Classroom Training

Next, you’ll need to start your lessons. During your classroom or ground training, you’re going to start with theory. This includes learning about the basics of aerodynamics, the proper terminology and vocabulary, and the laws governing aircraft flight. Before you can fly a plane, you have to learn the fundamentals of how the craft works.

You might, if the flight school is equipped for it, be able to take part in a simulated flight to get an idea of what to expect when you’re in the air.

You should also make it a point to learn about common mishaps that can happen while you’re airborne, and how to deal with them quickly and safely.

Hands-On Training

This is the fun part when you learn how to fly. You get to take a plane up into the air, with the guidance of your instructor. He’ll first take you through the pre-flight check procedures. You’ll make sure that all the plane’s equipment and gauges are functional, as well as ensuring that the plane itself is in airworthy condition.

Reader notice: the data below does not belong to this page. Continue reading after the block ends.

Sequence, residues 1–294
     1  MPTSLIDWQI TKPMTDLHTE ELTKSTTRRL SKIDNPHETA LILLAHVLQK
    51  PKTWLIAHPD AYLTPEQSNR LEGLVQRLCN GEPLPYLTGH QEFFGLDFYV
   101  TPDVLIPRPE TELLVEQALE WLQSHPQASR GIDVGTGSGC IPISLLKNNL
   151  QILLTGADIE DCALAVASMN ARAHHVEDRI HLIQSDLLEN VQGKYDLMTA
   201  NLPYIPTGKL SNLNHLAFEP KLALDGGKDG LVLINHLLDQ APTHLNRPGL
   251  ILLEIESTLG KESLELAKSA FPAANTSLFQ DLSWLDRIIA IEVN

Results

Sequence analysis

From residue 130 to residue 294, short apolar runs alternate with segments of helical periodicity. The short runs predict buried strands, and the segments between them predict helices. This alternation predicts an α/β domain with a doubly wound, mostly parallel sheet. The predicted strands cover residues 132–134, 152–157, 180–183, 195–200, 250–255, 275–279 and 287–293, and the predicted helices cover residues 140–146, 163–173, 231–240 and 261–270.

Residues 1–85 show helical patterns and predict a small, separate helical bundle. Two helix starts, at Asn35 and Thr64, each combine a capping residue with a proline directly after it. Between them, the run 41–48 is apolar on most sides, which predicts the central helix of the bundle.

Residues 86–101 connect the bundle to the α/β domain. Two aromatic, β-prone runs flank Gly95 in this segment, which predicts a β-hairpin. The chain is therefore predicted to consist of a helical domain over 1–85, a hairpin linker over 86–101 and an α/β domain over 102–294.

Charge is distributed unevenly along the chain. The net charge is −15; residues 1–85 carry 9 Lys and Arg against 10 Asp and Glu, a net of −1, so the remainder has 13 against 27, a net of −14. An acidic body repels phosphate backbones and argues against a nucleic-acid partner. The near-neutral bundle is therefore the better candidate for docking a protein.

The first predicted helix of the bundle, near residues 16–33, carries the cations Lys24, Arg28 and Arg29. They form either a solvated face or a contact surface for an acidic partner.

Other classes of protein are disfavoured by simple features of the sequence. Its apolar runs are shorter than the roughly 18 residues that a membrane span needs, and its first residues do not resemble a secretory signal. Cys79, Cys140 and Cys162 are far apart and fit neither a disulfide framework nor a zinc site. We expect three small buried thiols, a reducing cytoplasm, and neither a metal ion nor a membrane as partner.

Granted, you could have a mechanic look over your craft before setting out, but knowing how to make some elementary repairs is vital to your success and potentially survival as a pilot.

After your plane is ready to fly, your instructor will walk you through the take-off procedure. Follow what your instructor says to the letter; otherwise, you can miss a critical step. By paying critical attention to detail early on, you instill muscle memory and make the process automatic.

Once you’re in the air, you’ll likely complete a few basic maneuvers on your first flight, such as climbing, descending, banking, and yawing. A bank turns the plane along the longitudinal axis and is how you’ll make the majority of your turns. By banking and pulling back on the stick, you “ascend” in that direction because of how the ailerons redirect airflow.

Yaw, meanwhile, turns the plane on the vertical axis. This allows you to subtly adjust course without needing to bank and right the plane again. When you bank, it needs to be gentle at first, because you’re not trying to fly a fighter jet. You’re likely to crash if you make sudden movements.

Also, climbing at too sharp an angle – this depends on the plane – can lead to a stall. As air flows over the wings, the increased pressure below is what keeps the plane in the air. Climbing too steeply undermines this effect and leads to stalling.